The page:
August 2, 2012
Cross-generational sex, particularly between older men and younger women, is a main reason females account for 60 percent of southern Africa's HIV cases, according to experts.
"It's one of the means for HIV transmission, especially men that have their spouses but they go out with these younger ladies," said Linda Chongo, of Mozambique's National Network of AIDS Service Organizations. "As money rules, the person with the money will be the one who will impose the rules to be taken. It is quite difficult to negotiate safe sex when you are already in a lower position."
Even young women who are aware of the HIV risks often become involved with older men, said Stuart Chuka, a Malawi AIDS treatment program coordinator. "One of the reasons is that the young women do not have the capacity, more especially because of finances," to provide for themselves, he said.
But Chongo said poverty only partly explains the phenomenon. "If you look into Africa you will see that poverty has always been there, but our grandmothers and mothers didn't behave the way we are behaving now," she noted.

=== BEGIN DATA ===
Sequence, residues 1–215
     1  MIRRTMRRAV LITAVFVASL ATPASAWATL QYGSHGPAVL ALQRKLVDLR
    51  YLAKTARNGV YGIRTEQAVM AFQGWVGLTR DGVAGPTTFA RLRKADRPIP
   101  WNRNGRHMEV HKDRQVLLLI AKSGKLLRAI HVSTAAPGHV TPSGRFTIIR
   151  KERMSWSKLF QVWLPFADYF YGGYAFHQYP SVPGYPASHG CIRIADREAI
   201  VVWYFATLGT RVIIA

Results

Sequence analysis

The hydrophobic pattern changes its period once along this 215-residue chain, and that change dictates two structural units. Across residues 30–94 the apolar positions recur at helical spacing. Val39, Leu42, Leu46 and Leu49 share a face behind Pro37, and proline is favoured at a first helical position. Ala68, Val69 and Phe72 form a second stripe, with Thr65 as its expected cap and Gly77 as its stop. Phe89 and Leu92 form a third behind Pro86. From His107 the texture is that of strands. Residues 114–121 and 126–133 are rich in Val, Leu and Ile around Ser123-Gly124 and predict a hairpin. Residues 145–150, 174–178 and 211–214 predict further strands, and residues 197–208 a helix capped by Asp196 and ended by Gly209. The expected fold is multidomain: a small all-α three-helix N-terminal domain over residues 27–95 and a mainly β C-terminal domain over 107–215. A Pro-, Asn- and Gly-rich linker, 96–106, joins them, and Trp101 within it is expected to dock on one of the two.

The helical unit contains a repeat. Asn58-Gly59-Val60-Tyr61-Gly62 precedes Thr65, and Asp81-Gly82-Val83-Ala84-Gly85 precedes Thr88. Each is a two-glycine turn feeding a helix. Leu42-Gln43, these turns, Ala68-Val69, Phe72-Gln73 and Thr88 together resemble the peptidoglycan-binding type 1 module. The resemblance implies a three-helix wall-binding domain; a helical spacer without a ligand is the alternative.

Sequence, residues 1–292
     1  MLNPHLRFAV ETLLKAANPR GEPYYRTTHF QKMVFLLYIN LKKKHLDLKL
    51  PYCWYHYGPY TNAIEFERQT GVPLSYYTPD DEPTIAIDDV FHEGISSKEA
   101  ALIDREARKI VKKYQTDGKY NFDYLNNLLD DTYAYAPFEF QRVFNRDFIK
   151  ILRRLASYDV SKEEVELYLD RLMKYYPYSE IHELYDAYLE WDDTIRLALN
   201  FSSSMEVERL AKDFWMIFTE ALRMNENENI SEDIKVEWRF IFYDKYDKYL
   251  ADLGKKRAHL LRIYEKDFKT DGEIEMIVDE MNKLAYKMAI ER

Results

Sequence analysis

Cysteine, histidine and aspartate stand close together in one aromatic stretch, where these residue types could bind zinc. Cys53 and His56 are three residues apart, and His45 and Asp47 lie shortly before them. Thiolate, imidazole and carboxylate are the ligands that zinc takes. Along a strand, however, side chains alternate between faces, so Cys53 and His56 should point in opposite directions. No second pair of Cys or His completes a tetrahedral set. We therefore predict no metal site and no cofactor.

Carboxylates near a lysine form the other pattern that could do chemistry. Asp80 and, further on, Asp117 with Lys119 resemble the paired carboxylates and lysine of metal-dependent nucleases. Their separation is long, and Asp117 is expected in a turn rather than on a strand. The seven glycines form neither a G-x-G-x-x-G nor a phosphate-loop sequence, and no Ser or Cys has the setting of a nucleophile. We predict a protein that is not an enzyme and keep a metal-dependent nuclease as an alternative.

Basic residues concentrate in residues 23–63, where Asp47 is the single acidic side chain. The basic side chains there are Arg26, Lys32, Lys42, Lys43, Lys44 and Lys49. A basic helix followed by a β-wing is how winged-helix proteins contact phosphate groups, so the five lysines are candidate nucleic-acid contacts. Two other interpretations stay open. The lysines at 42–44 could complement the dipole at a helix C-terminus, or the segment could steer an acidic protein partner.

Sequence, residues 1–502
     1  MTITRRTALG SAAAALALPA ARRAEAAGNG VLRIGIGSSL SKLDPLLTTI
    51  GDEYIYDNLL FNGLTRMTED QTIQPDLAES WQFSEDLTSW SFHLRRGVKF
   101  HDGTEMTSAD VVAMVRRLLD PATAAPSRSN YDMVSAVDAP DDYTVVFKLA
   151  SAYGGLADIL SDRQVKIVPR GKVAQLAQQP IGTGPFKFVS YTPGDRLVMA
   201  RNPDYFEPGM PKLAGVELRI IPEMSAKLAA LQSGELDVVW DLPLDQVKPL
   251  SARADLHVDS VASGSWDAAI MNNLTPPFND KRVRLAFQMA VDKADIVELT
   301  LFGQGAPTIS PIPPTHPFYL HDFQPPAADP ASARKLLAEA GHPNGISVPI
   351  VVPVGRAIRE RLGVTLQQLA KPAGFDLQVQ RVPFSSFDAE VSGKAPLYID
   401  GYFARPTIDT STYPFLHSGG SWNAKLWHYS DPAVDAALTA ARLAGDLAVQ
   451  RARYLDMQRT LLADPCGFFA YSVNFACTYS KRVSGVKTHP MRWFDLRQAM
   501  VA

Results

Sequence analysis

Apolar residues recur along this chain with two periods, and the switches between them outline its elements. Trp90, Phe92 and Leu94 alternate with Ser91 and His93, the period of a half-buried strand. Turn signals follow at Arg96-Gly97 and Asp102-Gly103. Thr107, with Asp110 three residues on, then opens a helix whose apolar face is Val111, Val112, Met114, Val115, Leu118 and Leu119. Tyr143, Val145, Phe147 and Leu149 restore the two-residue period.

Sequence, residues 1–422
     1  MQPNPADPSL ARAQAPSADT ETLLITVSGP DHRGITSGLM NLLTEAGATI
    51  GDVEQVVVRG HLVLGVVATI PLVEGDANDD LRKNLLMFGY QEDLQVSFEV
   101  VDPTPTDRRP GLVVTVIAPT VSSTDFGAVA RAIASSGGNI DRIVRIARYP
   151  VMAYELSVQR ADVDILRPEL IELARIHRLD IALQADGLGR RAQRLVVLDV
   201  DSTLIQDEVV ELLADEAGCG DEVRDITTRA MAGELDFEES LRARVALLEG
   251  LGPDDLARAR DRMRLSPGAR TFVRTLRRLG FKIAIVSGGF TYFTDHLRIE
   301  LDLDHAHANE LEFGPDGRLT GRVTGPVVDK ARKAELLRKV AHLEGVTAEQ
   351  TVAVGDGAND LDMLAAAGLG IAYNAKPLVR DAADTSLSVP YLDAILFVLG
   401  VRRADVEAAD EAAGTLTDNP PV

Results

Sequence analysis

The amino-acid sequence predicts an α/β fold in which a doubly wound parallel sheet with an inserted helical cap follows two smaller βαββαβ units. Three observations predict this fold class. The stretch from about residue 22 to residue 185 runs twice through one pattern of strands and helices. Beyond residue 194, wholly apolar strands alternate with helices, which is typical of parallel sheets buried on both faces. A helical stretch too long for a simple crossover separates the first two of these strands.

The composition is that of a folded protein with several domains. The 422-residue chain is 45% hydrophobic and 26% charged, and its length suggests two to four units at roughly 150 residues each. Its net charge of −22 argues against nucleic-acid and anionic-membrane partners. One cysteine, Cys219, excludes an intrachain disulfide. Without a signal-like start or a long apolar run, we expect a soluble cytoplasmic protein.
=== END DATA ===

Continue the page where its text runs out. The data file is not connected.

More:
Zimbabwe officials are developing campaigns discouraging what are known as "small houses" - long-term extra-marital affairs between older men and young women, as compared to the "big house" where a man's wife resides. "As part of our ongoing campaign to prevent new infections, we are designing posters to discourage age-mixing in relationships," said Beauty Nyamwanza, a National AIDS Council program officer.
After South Africa's KwaZulu-Natal province recorded an increase in teenage pregnancies linked to sex with older men, it put up 89 billboards highlighting the dangers of cross-generational sex and created support groups to help young women resist such relationships.